The UK Government today published its plans for the mass rollout of smart meters, which it says will start in 2014 and be completed five years later.
The project, which will see 53 million smart meters installed in 30 million homes and businesses across the country could hold benefits totalling £7.3 billion for the UK economy over the next 20 years.
The rollout will be conducted in two phases, starting with a ‘foundation stage’ where the Government will work with industry, consumer groups and other relevant organisation to test and build the necessary systems.
During this first stage, which starts now, the Government will also set up the data and communications company that will provide all the necessary services for the smart meter network.
The groundwork will then be laid for the mass rollout, which the Government says will be completed in 2019, slightly behind the schedule laid out by the previous administration.
“Smart meters will enable us to modernise the electricity system over the coming years and create the smart grids we will need to bring new low carbon energy sources online, and handle much higher demand for electricity as we progressively electrify transport and heating,” commented Energy Minister Charles Hendry.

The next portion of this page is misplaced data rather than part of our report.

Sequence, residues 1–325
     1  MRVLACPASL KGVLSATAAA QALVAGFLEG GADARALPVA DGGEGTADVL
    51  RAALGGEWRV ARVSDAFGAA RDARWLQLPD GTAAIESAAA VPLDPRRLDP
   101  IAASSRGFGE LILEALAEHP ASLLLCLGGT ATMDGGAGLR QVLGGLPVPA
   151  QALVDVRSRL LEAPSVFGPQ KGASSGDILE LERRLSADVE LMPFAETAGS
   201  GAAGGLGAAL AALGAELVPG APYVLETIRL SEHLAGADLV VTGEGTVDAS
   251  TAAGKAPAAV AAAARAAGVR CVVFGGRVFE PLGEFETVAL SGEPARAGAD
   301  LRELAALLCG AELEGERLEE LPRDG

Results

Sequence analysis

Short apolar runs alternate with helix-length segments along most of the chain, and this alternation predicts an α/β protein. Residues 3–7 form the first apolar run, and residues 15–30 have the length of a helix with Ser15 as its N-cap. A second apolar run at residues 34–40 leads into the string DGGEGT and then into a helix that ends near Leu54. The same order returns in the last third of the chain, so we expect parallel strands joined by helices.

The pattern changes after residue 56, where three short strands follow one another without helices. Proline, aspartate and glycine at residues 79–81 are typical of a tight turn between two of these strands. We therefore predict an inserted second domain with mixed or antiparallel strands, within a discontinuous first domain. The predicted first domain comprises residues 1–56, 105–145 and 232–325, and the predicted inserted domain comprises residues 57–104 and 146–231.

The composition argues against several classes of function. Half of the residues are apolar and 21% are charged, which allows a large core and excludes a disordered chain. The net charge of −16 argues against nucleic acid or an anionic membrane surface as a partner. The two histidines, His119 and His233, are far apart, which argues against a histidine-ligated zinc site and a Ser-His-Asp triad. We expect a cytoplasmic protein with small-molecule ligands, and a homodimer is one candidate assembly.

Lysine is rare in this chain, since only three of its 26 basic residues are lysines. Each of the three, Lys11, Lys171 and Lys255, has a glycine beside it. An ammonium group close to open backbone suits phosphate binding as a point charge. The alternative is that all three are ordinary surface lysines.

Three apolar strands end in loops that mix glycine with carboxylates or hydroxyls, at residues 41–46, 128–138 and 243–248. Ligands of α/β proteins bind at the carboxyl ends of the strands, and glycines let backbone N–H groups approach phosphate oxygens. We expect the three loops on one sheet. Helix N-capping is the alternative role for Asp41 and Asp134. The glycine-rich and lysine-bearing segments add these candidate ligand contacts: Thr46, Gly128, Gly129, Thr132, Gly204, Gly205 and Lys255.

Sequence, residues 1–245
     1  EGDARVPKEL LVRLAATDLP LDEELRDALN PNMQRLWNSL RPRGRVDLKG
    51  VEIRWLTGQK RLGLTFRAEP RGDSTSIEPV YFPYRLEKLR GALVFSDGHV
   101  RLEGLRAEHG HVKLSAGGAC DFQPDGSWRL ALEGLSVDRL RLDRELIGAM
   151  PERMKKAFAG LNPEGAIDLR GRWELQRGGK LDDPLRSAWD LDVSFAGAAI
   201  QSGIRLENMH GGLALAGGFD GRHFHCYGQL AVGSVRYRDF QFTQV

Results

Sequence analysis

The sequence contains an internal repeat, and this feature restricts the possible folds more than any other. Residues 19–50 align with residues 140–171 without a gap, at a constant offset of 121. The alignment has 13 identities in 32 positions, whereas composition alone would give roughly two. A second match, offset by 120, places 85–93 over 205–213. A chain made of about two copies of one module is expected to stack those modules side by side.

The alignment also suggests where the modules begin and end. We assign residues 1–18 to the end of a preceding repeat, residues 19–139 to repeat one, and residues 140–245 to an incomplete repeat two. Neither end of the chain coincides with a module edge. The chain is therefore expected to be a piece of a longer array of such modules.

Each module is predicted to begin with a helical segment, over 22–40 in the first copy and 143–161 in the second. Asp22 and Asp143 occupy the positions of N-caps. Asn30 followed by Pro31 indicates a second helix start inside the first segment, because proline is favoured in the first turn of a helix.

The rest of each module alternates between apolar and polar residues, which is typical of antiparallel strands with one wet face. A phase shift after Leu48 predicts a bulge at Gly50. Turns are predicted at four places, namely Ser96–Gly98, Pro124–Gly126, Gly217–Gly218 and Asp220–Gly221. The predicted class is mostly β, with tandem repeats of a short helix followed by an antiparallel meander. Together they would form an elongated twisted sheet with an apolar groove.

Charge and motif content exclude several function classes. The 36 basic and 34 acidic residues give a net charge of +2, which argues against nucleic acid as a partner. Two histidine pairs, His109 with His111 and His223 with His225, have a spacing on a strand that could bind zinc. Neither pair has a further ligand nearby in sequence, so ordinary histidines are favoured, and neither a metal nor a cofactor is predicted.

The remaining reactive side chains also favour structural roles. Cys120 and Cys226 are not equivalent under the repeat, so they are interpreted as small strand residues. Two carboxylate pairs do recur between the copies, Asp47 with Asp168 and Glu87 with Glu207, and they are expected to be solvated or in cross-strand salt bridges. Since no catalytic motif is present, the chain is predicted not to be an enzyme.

The Government says its smart meter programme will ultimately save consumers around £23 per year on their gas and electricity bills, while allowing suppliers to reduce costs, end meter readings and improve debt management.
The plans published today include reports on data security, impact assessments and an implementation plan.
For further information:
IBM and Cable&Wireless join forces on smart grid communications (24-Mar)
Communications giant O2 ventures into UK smart meter market (14-Feb)
Ofgem no longer responsible for smart meter rollout, says UK Government (13-Dec 2010)
BT, Arqiva and Detica reach out with UK smart meter bid (22-Oct 2010)
30 March 2011